Creating the UnseenMost people would say it's beautiful. I think I have lost the sense for that with the years. I don't see the landscape around me any more, I don't see the lake the lone mansion overlooks, I don't hear the wind whistling around the strange shapes of the old house.
I just sit here, in front of my antique mechanical typewriter, drowning in memories. The steady rhythm of clicking keys fills the room that is almost bursting with books whose titles I can hardly read in the flickering light. The silver chandelier is struggling to provide a dim glow, losing the fight against the overwhelming darkness.
It wasn't always like this. Lonely. Dark.
I remember times the house was full of people. They drove out here on the weekend, to get some distance from the city. They were happy. At least they are in my memories.
But as the years passed, they grew fewer and fewer. They had a life now, a family, a house in the south.
The last visitor left ages ago. I remember the door falling shut behind her, remember our long conversation by the fireplace. She left a single book behind. One of hundreds in my room, yet one that feels special. A plain black book with small golden letters spelling 'A Journey'. Nothing more. No author, no summary, no dedication. Just 'A Journey'.
I never read it. It feels like this book is the only thing left of her. My only connection to the outside world.
So now I spend my days writing. Writing about the universe, about god, about death, hope, love and desperation. Stacks of paper pile up high on the oak wood desk, dangerously close to the small flames of the chandelier, waiting patiently to be picked up, sorted, and brought into the room next door, my library as I like to call it, where they will stay until the end of times. Every pile has a sheet of paper with the title on top — mostly just single words, sometimes short sentences, written in the beautiful curly handwriting I practiced for so long.
They say you die twice. Once when you stop breathing and the second, a bit later on, when somebody mentions your name for the last time.
I keep asking myself what happens when the second comes before the first. But as the days pass on, I have yet to find an answer.
The last candle on the chandelier burned down hours ago. I don't even notice. I know the position of every key by heart and that's all I need. So I keep writing. Writing about everything. Storing all my thoughts away in the cabinet I call a library. I know the chances that someone will stumble upon my legacy are small, but that's not why I write.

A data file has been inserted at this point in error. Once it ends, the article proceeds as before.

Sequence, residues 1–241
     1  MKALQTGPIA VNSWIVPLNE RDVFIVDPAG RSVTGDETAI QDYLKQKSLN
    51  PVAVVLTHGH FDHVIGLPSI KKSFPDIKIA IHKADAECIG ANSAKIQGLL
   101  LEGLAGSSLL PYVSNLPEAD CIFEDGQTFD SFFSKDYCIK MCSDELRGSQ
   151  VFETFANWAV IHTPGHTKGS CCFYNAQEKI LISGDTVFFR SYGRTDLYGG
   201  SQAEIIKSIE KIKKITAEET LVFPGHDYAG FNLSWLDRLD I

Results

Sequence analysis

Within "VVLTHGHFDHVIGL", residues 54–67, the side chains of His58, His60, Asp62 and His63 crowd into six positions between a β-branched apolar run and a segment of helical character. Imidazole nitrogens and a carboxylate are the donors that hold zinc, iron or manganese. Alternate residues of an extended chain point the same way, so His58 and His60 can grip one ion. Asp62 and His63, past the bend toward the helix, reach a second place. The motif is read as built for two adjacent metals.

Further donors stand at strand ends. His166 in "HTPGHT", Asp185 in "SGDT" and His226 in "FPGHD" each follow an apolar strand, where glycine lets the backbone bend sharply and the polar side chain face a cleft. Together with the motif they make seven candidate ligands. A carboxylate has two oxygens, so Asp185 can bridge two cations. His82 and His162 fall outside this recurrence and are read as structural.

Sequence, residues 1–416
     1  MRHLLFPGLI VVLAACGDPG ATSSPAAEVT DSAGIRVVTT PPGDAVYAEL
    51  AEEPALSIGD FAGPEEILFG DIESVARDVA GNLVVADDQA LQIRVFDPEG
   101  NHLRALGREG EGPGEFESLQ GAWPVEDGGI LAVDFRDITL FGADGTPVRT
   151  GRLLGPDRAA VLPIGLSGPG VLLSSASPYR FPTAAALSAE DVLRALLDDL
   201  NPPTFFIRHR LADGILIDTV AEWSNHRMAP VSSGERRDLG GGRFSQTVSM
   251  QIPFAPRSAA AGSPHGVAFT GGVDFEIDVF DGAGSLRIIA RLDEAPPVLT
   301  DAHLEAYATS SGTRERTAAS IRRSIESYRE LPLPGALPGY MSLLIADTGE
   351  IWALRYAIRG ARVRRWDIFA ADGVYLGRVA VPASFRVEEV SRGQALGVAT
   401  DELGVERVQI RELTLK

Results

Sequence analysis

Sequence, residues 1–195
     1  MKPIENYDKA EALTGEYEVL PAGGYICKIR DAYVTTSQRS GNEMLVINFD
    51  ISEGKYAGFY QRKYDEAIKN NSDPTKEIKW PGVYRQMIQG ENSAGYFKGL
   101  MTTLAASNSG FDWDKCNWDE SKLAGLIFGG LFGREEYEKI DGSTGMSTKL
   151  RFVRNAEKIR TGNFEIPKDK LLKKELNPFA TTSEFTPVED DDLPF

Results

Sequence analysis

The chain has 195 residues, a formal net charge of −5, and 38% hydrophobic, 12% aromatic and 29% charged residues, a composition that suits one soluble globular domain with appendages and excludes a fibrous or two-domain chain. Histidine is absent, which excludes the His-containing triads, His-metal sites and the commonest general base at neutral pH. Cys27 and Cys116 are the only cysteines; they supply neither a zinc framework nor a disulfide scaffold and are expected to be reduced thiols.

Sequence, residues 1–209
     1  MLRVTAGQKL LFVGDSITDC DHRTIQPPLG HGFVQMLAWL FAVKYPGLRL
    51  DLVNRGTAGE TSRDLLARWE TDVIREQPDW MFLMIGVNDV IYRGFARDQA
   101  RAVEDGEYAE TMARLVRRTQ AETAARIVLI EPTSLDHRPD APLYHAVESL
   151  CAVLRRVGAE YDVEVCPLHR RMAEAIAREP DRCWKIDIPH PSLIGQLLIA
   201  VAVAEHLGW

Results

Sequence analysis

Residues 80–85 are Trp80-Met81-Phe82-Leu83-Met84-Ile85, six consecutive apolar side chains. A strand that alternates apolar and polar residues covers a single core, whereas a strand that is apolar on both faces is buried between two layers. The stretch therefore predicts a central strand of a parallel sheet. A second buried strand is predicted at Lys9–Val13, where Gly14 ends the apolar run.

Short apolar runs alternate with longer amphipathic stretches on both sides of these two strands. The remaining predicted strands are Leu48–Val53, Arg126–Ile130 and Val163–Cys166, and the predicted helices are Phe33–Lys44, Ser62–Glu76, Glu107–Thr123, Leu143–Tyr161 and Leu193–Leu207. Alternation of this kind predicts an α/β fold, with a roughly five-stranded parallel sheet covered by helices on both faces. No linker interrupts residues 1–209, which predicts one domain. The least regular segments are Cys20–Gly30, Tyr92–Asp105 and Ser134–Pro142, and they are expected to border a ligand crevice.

I write to get things out. I write about everything.
I grab the fountain pen. This is going to be the last one. Carefully, I write the title in big letters. I choose red ink for this one. It's a special title. One that I thought about writing ever since she left. 'Creating the Unseen'.
I pull the last page out of the typewriter, square up the sheets, and wrap a broad red ribbon around the pack of paper.
After I come back from my short trip to the library, a small book catches my eye. It's directly opposed to my desk, sitting quietly on its shelf. I have been looking at it for ages while writing, grown so used to it that I didn't really notice it was there.
Small golden letters decorate its black cover — 'A Journey'.
Before I really know what happens, the book is in my hands and I sit in my armchair, leaned back, inhaling the smell of old times surrounding the book.
I guess it's time to let her go. I guess it's time to read.
Creating the Unseen
Welcome, lost wanderer, to this obscure little book. Welcome to the unseen. Whatever might bring you to this desolate place, I hope you will find what you are looking for within these pages.
Perhaps it is joy, perhaps knowledge, or — maybe — a shard of hidden beauty.
May this collection of my deepest thoughts be whatever you want it to be.
For as long as this book is out there, as long as my words resonate in your thoughts, I will never be truly gone.